Pelosi blasts U.S. policy toward Communist China: In what is arguably the most comprehensive criticism of “engagement” to come form a leading Washington politician, House Minority Leader Nancy Pelosi (D-California) ripped PNTR and “all those geniuses who told us that if we just continue to engage in the same trade relationship with China that there would be freedom in China, and it would stop the proliferation of weapons of mass destruction, and they would stop engaging in unfair trade practices” (Agence France Presse via Taipei Times). She did not spare her own party, either, “The China policy of the United States – Democrats’ and Republicans’ alike – has been a total failure.” Pelosi has always been one of the most anti-Communists members of the House of Representatives; her words were music to our ears.
Eutelsat extends NTDTV negotiations to June 6: Eutelsat, the French satellite company that nearly cut off transmission of the dissident network New Tang Dynasty Television (sixth item, third item, eighth item), has extended the deadline for a new contract with the network to June 6, just after the anniversary of the Tiananmen Square massacre (Epoch Times, which also had an editorial on what’s at stake).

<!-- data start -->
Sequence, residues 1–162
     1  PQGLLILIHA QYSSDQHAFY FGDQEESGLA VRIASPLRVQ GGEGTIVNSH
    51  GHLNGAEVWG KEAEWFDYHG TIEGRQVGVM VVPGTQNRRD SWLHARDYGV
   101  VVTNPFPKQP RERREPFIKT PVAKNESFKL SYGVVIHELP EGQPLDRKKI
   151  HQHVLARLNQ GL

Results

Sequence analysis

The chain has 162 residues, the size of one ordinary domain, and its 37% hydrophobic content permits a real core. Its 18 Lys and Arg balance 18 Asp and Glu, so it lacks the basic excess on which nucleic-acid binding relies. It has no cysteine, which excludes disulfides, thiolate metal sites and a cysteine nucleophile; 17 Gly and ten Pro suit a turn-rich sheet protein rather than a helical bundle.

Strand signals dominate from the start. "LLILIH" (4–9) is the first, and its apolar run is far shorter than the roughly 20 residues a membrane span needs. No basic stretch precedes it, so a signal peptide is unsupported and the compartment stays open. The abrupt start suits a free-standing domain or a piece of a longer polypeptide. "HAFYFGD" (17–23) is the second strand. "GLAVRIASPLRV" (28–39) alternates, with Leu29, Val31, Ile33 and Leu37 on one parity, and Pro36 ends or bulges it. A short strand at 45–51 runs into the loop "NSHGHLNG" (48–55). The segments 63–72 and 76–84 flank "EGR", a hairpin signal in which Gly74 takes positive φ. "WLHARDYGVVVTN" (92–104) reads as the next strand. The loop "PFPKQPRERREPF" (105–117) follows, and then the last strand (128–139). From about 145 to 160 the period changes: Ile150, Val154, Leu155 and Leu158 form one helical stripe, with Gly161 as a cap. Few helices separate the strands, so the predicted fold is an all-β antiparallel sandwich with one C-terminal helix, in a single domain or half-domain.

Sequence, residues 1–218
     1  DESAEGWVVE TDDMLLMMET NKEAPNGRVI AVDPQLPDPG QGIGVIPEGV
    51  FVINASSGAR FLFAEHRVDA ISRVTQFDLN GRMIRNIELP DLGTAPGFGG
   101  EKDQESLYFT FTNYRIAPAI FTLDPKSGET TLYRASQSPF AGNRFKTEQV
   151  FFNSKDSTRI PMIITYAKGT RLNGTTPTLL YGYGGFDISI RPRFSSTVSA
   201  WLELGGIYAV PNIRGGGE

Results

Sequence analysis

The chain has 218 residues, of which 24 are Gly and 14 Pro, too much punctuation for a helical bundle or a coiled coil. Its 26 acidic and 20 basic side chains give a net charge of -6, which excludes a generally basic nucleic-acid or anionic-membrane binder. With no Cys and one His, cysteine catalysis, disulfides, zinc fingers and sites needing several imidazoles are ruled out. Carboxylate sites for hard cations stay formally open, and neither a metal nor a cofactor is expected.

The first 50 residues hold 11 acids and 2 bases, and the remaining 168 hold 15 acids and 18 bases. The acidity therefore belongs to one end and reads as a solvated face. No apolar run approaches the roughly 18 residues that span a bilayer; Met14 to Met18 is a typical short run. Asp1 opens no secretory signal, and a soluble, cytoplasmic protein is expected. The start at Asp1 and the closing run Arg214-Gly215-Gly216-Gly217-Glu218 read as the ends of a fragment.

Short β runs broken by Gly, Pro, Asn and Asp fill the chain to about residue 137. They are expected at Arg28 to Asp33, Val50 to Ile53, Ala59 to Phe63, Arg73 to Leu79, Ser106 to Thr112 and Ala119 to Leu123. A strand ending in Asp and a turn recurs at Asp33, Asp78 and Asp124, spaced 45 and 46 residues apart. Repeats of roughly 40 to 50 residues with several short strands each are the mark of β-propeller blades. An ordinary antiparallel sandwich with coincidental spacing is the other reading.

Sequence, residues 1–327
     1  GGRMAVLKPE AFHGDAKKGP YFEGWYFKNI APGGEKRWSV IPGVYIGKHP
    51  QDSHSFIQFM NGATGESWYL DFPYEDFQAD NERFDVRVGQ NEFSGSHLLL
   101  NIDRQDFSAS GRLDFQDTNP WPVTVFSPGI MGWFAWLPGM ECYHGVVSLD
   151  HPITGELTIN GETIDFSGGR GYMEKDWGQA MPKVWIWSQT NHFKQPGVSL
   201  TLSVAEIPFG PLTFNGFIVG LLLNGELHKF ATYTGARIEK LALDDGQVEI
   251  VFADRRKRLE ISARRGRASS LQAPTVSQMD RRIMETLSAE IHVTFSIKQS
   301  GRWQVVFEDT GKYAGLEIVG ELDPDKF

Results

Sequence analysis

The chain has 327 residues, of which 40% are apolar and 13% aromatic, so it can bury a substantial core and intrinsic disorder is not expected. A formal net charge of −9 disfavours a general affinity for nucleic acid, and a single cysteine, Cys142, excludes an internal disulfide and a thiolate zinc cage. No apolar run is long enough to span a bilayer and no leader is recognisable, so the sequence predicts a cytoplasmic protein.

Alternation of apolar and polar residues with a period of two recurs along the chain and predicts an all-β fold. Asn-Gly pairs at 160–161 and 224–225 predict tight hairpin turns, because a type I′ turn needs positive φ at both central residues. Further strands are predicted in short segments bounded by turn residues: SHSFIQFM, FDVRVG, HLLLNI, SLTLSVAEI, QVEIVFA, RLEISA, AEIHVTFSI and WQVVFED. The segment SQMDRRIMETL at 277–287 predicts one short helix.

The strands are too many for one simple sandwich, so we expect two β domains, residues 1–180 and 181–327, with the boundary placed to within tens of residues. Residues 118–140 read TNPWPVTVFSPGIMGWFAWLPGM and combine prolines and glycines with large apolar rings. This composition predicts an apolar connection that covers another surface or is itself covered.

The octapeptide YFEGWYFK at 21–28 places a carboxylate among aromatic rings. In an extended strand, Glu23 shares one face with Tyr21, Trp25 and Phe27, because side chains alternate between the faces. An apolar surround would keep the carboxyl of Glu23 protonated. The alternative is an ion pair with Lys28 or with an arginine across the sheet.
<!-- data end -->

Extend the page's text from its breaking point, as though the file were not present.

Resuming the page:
Communist China will act against U.S. efforts to protect satellites: Communist China “takes U.S. plans to boost its space military capabilities very seriously and is likely to respond with energetic counter-measures of her own” (United Press Int’l via Washington Times). Of course, the Communists are spouting their desire to avoid “an arms race in outer space,” which would supposedly be triggered by American efforts to protect its communications satellites against attack. Care to guess who is most likely to attack?
Communist-owned oil firm may go after Unocal: The China National Offshore Oil Corporation (CNOOC) may take advantage of a floundering deal between Chevron and Unocal to make “a competing offer” (Time Asia) for Unocal, the ninth-largest oil firm on the planet. If successful, it would be a major coup for the Communist-owned CNOOC.